BRUSSELS/NEW YORK, July 9 (Reuters) - EU antitrust regulators on Friday cleared with conditions Aon's (AON.N) $30 billion bid for Willis Towers Watson after it agreed to divest key parts of Willis' business to rival Arthur J. Gallagher (AJG.N) in return for the EU green light.
The deal will put London-headquartered Aon ahead of the world's largest insurance broker Marsh & McLennan Companies Inc (MMC.N) and comes as insurers struggle with rising claims and new challenges brought on by the COVID-19 pandemic and climate change.
The European Commission said the asset sales will make Arthur J. Gallagher a credible rival to the combined company.
"The commitments will strengthen Gallagher in its capabilities in reinsurance and commercial risk brokerage and improve its footprint in the European Economic Area," the EU competition enforcer said in a statement.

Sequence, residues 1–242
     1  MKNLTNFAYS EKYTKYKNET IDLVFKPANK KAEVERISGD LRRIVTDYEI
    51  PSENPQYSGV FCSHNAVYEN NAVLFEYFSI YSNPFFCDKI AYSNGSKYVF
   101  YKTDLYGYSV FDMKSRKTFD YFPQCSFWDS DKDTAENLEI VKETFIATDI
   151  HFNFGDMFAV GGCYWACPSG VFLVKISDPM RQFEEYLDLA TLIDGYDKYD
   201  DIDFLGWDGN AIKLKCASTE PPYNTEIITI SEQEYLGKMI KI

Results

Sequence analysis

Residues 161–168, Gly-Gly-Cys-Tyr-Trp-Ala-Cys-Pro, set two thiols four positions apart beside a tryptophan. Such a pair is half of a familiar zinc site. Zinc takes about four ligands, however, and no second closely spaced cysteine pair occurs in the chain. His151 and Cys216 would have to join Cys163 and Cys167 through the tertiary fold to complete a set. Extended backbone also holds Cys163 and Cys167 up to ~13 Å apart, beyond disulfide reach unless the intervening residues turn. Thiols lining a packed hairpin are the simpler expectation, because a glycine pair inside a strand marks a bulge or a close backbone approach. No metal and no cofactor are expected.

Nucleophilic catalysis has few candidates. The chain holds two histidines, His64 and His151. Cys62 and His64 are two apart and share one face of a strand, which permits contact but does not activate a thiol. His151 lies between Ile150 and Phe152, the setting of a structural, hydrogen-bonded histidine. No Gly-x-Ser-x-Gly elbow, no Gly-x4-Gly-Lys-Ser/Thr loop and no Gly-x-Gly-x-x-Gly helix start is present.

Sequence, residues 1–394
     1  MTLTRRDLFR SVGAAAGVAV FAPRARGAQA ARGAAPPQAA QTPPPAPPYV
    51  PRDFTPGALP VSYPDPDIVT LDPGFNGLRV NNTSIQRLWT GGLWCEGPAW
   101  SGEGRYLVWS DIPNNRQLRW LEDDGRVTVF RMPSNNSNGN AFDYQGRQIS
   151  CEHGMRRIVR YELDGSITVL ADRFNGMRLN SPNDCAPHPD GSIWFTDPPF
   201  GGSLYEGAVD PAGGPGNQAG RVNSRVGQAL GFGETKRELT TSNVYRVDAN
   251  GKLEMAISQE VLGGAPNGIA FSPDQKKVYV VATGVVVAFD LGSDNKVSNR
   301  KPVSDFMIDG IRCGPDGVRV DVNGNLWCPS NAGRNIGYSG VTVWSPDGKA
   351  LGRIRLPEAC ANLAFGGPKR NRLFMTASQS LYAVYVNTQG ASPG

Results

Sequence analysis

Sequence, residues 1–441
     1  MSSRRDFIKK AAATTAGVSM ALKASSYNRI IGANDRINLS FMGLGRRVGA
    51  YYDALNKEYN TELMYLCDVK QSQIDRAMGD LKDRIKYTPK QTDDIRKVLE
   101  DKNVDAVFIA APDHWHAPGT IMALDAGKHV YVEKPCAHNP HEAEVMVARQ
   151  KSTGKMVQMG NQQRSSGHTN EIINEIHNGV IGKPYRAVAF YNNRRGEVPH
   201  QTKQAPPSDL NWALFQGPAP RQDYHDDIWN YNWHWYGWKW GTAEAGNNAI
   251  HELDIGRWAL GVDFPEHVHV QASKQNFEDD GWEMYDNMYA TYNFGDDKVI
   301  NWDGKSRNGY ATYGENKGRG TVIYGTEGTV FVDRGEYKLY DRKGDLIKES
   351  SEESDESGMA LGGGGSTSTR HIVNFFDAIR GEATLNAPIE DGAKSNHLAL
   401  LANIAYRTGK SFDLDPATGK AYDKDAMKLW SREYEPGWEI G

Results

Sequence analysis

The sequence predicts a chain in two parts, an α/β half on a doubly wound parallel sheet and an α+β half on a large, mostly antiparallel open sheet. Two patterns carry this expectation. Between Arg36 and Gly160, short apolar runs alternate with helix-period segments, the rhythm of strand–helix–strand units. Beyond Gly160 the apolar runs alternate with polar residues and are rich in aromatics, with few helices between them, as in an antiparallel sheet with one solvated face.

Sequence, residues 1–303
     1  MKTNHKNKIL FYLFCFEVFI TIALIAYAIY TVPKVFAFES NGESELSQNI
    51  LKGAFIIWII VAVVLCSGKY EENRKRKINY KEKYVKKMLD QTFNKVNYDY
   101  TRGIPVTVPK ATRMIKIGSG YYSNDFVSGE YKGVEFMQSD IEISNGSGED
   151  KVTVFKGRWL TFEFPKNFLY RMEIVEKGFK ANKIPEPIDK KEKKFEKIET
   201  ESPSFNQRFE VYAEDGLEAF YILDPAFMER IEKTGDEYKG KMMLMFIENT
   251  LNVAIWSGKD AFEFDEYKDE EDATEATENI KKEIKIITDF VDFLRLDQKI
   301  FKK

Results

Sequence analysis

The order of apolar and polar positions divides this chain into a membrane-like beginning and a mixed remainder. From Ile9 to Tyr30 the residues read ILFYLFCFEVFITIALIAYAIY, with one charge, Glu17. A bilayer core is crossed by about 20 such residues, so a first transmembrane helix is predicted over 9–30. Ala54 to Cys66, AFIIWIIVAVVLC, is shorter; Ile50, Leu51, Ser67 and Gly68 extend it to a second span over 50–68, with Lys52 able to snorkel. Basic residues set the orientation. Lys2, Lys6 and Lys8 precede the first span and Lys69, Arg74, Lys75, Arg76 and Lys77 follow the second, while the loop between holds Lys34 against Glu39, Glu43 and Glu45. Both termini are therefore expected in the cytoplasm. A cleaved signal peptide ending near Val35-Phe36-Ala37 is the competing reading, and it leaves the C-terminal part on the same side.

Reuters had exclusively reported on April 28 that the Commission would give conditional approval to the deal. read more
Aon and Willis cautioned in a joint statement that the deal sill faces other regulatory approvals, including in the United States, where the antitrust regulators sued last month to block the combination.
But the companies said the EU approval "demonstrates continued progress toward obtaining regulatory clearances."
On June 16, the U.S. Justice Department filed a lawsuit aimed at stopping Aon's acquisition of Willis, saying it would reduce competition and could lead to higher prices. read more
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